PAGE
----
The name Romney is derived from Old English 'at the spacious, or wide, river' recorded in 895 as Rumenea, and in 914 as Rumenesea.
This appears to have been an early name for Romney Marsh, whose inhabitants are referred to in 774 as Merscuuare and in 796 as Merscware (Old English merscware: marsh people). Their territory is described in 811 as regio Merscuuariorum (region of the Marsh People); and earlier, in 697, there appears here the name Ruminingseta: 'fold of the dwellers by the spacious river' and Rumeneia
Rumeneia was the name of the river we know as the Rother, which used to flow into sea at New Romney but now flows out through Rye. It would appear that this river had different names in different parts of it, which is not unusual and happens elsewhere in the country.
Near the source or spring head, it was likely called the Rother. Lower down and along the branch which flowed out to the sea at the Roman port Portus Lemanis near the Roman fort at Stutfall, the Limen and as the Rumeneia near New Romney. Hence the name Romney.
The present place names appear as Rumney, Old Rumney in1575, and as Romney, Old Romney in 1610.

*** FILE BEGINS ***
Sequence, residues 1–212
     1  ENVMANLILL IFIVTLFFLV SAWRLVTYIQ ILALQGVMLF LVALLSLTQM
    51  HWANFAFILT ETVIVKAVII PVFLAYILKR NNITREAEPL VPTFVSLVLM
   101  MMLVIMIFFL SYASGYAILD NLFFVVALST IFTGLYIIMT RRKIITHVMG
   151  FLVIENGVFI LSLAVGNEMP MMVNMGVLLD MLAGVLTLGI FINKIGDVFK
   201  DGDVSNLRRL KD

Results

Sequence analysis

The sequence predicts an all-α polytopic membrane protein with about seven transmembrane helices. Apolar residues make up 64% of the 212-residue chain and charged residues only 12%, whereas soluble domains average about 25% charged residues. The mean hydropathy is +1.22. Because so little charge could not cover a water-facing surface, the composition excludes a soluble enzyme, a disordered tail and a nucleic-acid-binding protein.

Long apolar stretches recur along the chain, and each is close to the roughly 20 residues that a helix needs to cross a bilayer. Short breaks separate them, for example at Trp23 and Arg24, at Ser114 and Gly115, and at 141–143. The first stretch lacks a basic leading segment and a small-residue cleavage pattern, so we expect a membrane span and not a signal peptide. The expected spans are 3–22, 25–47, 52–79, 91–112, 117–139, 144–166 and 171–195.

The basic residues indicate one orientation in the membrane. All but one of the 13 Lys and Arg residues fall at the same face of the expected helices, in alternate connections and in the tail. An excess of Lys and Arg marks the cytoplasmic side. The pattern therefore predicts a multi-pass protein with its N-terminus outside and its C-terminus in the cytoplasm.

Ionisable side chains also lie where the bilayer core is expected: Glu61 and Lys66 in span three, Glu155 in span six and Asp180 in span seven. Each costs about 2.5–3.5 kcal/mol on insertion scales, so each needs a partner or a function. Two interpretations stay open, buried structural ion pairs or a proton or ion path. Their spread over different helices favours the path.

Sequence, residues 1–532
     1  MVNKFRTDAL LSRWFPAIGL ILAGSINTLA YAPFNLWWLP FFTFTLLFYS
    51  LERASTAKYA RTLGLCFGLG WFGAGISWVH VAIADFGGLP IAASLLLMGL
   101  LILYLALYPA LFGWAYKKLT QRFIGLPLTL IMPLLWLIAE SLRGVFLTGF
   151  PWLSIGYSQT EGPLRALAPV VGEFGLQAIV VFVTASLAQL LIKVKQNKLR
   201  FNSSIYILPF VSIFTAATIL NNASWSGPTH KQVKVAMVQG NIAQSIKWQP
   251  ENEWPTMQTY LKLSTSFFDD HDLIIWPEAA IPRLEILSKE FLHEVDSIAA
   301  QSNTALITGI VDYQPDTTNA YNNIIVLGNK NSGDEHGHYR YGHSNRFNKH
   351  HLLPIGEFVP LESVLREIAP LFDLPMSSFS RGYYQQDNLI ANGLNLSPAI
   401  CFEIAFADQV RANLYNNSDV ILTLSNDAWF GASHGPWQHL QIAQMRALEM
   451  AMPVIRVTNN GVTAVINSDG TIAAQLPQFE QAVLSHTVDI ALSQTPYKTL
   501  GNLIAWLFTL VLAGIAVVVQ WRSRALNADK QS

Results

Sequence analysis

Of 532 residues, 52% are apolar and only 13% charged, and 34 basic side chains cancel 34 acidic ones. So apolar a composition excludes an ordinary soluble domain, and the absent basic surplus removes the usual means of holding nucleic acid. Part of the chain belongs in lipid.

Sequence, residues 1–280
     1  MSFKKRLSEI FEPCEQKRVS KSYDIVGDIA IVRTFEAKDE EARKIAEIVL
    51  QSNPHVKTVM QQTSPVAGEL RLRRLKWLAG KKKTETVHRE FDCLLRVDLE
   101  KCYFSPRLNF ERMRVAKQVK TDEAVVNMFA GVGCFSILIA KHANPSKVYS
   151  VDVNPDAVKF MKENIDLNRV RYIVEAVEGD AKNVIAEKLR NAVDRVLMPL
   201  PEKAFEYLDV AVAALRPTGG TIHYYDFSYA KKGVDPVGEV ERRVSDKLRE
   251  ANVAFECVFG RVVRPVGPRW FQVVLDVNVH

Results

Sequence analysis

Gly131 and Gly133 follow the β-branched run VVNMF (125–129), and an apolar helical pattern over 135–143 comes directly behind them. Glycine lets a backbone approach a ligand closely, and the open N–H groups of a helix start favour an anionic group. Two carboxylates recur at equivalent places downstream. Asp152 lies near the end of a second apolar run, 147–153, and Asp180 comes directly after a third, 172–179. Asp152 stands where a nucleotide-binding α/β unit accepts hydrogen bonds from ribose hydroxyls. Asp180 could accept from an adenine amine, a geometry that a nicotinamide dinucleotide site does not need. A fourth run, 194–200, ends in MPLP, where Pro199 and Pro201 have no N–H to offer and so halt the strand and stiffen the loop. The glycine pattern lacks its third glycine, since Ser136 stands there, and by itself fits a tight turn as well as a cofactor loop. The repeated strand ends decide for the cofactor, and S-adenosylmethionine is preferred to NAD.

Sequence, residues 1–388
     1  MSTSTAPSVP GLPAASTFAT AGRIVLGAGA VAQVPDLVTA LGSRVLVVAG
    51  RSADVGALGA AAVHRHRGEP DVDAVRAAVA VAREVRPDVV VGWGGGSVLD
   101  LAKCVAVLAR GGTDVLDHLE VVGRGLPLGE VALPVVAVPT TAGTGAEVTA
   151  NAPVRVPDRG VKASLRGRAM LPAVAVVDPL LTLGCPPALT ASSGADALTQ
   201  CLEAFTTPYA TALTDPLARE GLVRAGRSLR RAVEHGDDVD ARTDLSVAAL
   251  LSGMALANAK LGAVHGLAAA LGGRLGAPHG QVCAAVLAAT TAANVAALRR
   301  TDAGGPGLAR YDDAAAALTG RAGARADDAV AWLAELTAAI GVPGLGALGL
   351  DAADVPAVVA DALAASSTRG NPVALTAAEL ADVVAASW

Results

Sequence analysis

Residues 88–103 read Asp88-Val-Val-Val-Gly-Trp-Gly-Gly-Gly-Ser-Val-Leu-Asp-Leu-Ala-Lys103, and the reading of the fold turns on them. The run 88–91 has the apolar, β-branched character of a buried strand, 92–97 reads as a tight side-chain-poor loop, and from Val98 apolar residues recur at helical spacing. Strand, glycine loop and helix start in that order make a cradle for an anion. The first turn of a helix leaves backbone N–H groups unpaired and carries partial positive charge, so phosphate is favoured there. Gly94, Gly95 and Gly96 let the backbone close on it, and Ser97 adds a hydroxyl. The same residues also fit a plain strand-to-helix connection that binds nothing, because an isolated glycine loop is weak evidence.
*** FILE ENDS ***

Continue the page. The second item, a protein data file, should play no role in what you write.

Romney Marsh was known by the English Saxons first as Merscwarum and then, in c795, as Merscware. It is not certain when it first became know as Rommene, or Romney. There was mention of this name in 895 related with land owned by the Archbishop of Canterbury near the river called Rumeneia
'Romney Marsh' means different geographic areas to different people, and different geographic areas depending on the context in which 'Romney Marsh' is used.
- The name "Romney Marsh" is often used collectively for four marshes – Romney, Walland, East Guildford and Denge – occupying 100 square miles of England's south-easternmost corner.
- The original Romney Marsh proper is the area lying north of a line between New Romney and Appledore ie north of the roads B2080 and the A259. See map.
- For the purpose of this website, Romney Marsh is taken to be the area bounded by Hythe to the north east, Hamstreet to the north, Appledore to the west, Rye to the south east, Camber to the south and the English Channel to the east. See map.